Oh, Dirty Dancing we love you.
Remember THAT song? "Now I've had the time of my life. No I never felt like this before..."
Cut to last week when two men stood on stage belting out the lyrics as if their lives depended on it.
In that moment, they were performers. They were artists. They were doing it.
The two were an unlikely pair, but it worked beautifully. Arm in arm they sang to each other to the delight of the audience.
What was so special about this? Mayor John Tory and Jorn Weisbrodt, Luminato Festival's Artistic Director, showed us all that there is an inner artist in all of us. And with one simple act, it gave those in attendance that permission, that slight nudge, to say, "hey, yeah, I can do this too."
And it worked.
One by one, the audience joined in and contributed to the experience. It was jaw dropping to see. How one simple song, one simple act could unite a large group.
Participating in creation.
This at the core of what is the DNA of the 9th Annual Luminato Festival, happening now and closing this weekend.
In bold transformative fashion, Luminato Festival's goal is, "to create adventurous art and ideas in adventurous places until June 28th with a celebratory, 10-day multi-arts schedule that re-imagines Toronto and the way we experience it." Local, national and international artists, from one to 1,000, animate the city with music, theatre, dance, visual arts, literature, film, food and more are the stimuli that make it happen.
Is it achieving its goals? Well, it is a festival gone through changes (Anthony Sargent is the new CEO starting in August), growth and has taken risks. It has taken a while for it to understand what it is and for audiences to understand the same.
That said, in a city that has so much going on all the time, it is and has made its mark. It has become one of the preeminent arts festivals in North America, having commissioned over 66 new works of art, and featured 7,500 artists from 40 countries.
It has aided the goal of many to bring the world to Toronto and Toronto to the world.
We had the chance to sit down with Mr. Weisbrodt whose vision is taking the Festival to new frontiers.
What is the goal for artists and audiences alike of the Festival?
To bring adventurous art and ideas to adventurous spaces, to create a sense of community, of belonging which is the result of discovery and adventure. You have to look beyond where you are to discover who you are. We want to create a temporary family of artists and audiences alike, create shared experiences that change how we feel about us, Toronto and the world around us.
We loved you singing with the Mayor. Touched on the idea that there is an inner artist in all of us. How is the Festival enabling public to discover that?
Art is something that does not happen without the audience. They are the missing link. This year we have over 1,000 people in two huge scale projects, R. Murray Schafer's Apocalypsis and David Byrne's Contemporary Color, who are not professional artists but members of the community from 10 years old to 80 years old. To me, it is extremely important to work with community members. I do not think that the distinction between high and low art still works. We had open calls for projects for people to audition. The orchestra at the Orchestra Karaoke was partly people who we selected from over 100 applications.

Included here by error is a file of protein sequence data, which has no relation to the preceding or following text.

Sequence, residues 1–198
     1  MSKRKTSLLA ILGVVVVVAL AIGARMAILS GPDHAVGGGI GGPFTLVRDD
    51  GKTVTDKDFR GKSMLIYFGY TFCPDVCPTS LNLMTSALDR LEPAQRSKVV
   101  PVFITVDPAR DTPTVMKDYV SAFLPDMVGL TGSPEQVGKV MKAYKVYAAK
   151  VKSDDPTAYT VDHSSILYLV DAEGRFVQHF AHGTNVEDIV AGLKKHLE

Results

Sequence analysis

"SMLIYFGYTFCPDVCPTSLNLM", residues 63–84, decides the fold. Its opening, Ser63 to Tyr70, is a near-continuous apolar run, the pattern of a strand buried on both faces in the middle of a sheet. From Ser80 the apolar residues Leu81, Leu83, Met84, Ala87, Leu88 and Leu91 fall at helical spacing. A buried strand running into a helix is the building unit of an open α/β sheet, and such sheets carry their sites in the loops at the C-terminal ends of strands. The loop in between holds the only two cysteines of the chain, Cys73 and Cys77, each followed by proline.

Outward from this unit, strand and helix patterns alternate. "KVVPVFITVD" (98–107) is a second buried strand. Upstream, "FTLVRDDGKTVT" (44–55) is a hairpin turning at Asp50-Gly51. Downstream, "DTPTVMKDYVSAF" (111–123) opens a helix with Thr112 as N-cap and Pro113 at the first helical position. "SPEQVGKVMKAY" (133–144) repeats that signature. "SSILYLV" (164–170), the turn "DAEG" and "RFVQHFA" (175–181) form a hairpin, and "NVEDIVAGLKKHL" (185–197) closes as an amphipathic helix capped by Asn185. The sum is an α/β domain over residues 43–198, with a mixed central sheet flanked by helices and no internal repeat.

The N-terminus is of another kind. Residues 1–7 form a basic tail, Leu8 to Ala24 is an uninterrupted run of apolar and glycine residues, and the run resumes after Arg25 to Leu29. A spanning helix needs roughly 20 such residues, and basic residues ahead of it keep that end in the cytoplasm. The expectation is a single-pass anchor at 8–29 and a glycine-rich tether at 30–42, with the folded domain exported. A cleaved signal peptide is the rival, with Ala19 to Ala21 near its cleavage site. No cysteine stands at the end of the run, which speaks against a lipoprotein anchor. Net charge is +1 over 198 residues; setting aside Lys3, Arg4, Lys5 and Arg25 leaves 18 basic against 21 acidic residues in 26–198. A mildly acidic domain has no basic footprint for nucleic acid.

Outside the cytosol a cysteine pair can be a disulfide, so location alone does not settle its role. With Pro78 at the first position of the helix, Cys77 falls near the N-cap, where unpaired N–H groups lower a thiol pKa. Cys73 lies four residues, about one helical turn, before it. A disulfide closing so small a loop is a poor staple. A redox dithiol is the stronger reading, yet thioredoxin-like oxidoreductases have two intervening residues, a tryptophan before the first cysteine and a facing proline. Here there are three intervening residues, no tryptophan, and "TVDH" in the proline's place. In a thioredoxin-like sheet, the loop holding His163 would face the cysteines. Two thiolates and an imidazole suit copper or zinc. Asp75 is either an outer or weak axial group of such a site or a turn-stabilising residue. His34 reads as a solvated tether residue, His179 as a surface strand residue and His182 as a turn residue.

There is a sentiment that the Luminato Festival should have year round presence in Toronto. Agree? If so, how close are we do seeing this?
I would love to have a building where we could create projects throughout the year that we then premiere at Luminato, like an incubator. The public could then be invited to participate in the creative process and witness it at certain points. No festival in the world has that, the best of both worlds, a building and still a cultural institution without walls.
How can the public carry on the Luminato spirit throughout the year?
Go to see as much art as possible! Don't try to understand it at first but try to understand how you feel about it, what you feel. When you are in Trinity Bellwoods try to remember some of the images from Geoffrey Farmer's exhibition, when you ride the subway, think of the postcards by over 20 Pan American artists that you saw on the subway screens during Luminato. Take up dancing again, sing more, imagine what could happen in your city. What would a 20 m high sculpture at David Pecaut Square looks like or what would you want to do in the Hearn Generating Station.
Highlights for the last few days that audiences should be aware of?
Apocalypsis because it is the largest music event in the history of Toronto and it asks the two most important questions: how do we begin and how do we end?
My One Demand as it is the first ever feature length live streamed film with audience interaction. The audience can make script suggestions as the film progresses.
Copycat Academy and the Copycat Talks as with this academy for emerging artists we are opening the festival to a group of artists who would otherwise not be part of the festival and use it for education and the development of artists.
The Festival Hub in general because it is Toronto's largest backyard and we have a party every night and every Torontonian is invited as our neighbour.
In one sentence, why should people clear their schedules and go to Luminato?
Because we do what no one else is doing and most likely will blow your mind.
Your one wish to happen in 5 years?
Let us take over the Hearn Generating Station.
He isn't kidding.
Luminato Festival continues until June 28th. All details of happenings are here.